"I am so sad about Naomi Osaka. I truly hope she will be ok. As athletes we are taught to take care of our body, and perhaps the mental & emotional aspect gets short shrift. This is about more than doing or not doing a press conference. Good luck Naomi- we are all pulling for you!,” said Martina Navratilova.

The four-time Grand Slam champion made good on her threat on Sunday when, after winning her first round match, she did not hold a press conference. She was fined $15,000 by the Roland Garros referee, and Grand Slam organisers later issued a strongly worded statement warning of possible expulsion from the French Open and future majors if she failed to change her stance.

On Monday, the world No.2 decided to take matters into her own hands to end the stand-off. "This isn't a situation I ever imagined or intended when I posted a few days ago," the 23-year-old Osaka said on Twitter. "I think now the best thing for the tournament, the other players and my well-being is that I withdraw so that everyone can get back to focusing on the tennis going on in Paris. "I never wanted to be a distraction and I accept that my timing was not ideal and my message could have been clearer."

PatriciaMaria750Patricia Maria clenches her fist as she plays Naomi Osaka. AP

Osaka, one of the biggest names in women's sport, went on to say she had suffered from depression since 2018. "The truth is that I have suffered long bouts of depression since the US Open in 2018 and I have had a really hard time coping with that," she said. "Anyone that knows me knows I'm introverted, and anyone that has seen me at the tournaments will notice that I'm often wearing headphones as that helps dull my social anxiety."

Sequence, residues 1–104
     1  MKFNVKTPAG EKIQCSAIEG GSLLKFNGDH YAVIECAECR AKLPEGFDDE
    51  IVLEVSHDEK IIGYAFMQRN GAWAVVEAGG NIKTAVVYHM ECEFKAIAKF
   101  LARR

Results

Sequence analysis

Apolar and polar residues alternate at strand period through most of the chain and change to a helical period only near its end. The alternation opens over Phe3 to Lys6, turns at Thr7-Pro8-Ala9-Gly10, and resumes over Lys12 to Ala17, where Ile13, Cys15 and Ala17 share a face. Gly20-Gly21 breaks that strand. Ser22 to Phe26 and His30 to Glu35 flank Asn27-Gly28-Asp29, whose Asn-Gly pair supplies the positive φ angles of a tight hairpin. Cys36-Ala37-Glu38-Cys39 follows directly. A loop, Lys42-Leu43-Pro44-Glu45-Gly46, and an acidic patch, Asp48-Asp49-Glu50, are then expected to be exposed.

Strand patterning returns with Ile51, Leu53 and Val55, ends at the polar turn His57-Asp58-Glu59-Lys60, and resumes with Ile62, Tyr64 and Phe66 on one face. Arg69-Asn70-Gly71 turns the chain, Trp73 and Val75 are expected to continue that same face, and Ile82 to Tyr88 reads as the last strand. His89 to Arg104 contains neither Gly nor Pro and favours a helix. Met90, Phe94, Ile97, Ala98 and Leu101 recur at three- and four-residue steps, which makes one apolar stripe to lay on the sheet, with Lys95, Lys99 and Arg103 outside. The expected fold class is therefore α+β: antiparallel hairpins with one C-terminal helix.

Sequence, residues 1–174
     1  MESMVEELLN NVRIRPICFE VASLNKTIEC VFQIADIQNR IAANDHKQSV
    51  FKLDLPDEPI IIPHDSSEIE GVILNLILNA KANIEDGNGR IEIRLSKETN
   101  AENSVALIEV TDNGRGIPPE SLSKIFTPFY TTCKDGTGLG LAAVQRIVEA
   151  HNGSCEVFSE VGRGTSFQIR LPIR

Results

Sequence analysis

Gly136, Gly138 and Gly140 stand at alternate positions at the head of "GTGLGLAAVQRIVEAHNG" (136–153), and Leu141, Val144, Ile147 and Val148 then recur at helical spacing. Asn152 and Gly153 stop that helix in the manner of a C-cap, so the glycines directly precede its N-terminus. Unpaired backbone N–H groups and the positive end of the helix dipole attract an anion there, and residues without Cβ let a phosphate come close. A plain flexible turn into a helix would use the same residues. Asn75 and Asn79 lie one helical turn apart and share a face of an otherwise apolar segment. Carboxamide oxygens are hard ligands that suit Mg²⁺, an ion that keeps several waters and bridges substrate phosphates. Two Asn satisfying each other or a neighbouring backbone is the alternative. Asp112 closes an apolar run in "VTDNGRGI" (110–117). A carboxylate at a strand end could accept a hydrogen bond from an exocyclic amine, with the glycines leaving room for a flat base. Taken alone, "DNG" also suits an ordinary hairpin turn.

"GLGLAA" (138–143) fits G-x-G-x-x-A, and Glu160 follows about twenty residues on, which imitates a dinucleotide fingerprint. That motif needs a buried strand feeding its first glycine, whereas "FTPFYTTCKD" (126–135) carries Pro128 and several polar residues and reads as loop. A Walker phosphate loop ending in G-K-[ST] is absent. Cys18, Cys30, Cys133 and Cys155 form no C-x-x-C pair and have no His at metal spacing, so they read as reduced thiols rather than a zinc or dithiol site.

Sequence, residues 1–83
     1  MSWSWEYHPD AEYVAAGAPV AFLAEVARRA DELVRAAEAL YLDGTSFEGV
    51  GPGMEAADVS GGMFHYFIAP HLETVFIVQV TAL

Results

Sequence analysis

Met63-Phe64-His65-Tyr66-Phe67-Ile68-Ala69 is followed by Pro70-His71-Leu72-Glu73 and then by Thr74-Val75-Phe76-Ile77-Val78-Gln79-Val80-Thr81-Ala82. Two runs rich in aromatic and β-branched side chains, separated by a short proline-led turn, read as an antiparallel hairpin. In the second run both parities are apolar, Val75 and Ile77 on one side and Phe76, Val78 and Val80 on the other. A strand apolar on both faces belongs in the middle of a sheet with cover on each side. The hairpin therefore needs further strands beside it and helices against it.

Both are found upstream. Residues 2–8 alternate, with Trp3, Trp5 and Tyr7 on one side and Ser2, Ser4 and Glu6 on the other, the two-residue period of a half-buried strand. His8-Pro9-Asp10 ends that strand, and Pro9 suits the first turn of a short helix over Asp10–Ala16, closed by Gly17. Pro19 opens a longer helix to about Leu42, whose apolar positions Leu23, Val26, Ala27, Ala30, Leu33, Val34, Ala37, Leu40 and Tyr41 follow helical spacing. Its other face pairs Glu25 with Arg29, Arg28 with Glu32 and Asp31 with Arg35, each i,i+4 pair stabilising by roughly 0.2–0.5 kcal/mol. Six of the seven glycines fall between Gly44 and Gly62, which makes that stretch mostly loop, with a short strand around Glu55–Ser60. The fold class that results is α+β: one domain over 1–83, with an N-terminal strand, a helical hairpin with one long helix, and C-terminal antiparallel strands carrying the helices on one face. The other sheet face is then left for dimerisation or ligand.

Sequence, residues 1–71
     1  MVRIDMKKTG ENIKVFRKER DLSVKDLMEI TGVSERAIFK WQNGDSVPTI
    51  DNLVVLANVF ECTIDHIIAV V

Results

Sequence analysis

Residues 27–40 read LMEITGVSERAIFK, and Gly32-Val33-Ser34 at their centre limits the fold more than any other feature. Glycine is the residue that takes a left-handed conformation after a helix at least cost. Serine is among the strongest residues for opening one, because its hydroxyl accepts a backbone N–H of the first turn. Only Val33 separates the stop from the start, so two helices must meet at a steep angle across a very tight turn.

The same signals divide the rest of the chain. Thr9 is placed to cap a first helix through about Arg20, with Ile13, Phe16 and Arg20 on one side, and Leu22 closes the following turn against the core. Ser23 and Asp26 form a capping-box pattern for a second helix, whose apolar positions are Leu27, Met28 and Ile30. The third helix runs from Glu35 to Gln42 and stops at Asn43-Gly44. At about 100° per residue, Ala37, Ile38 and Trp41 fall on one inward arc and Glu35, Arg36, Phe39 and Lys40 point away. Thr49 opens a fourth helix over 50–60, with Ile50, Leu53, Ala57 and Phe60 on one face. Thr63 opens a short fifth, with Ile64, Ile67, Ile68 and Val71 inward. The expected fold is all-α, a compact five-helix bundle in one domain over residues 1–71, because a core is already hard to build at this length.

The French Tennis Federation (FFT), organisers of the tournament, called her withdrawal "unfortunate." Reading from a prepared statement at a news conference, FFT president Gilles Moretton said: "We are sorry and sad for Naomi Osaka... we wish her the best and quickest possible recovery, and we look forward to having Naomi at our tournament next year. He added that the major tennis bodies were committed to athletes' well-being and improving their tournament experience, including their interaction with the media.

The Women's Tennis Association (WTA) said mental health was one of the highest priorities of the organisation. "We remain here to support and assist Naomi in any way possible and we hope to see her back on the court soon," it said in a statement.

After beating Serena Williams to claim her first major at the 2018 US Open, Osaka was booed by the crowd during the presentation ceremony as her victory was overshadowed by the American's outburst following a row with the umpire. Osaka said that since then, she has struggled with being in the spotlight.

Osaka, who according to sports business website Sportico earned $55.2 million over the past 12 months, added that she would take some time away from tennis and hoped later to meet the sport's organisers to improve the system.

"I wrote privately to the tournament apologising and saying that I would be more than happy to speak with them after the tournament as the slams are intense," Osaka said.

"I'm gonna take some time away from the court now, but when the time is right, I really want to work with the tour to discuss ways we can make things better for the players, press and fans."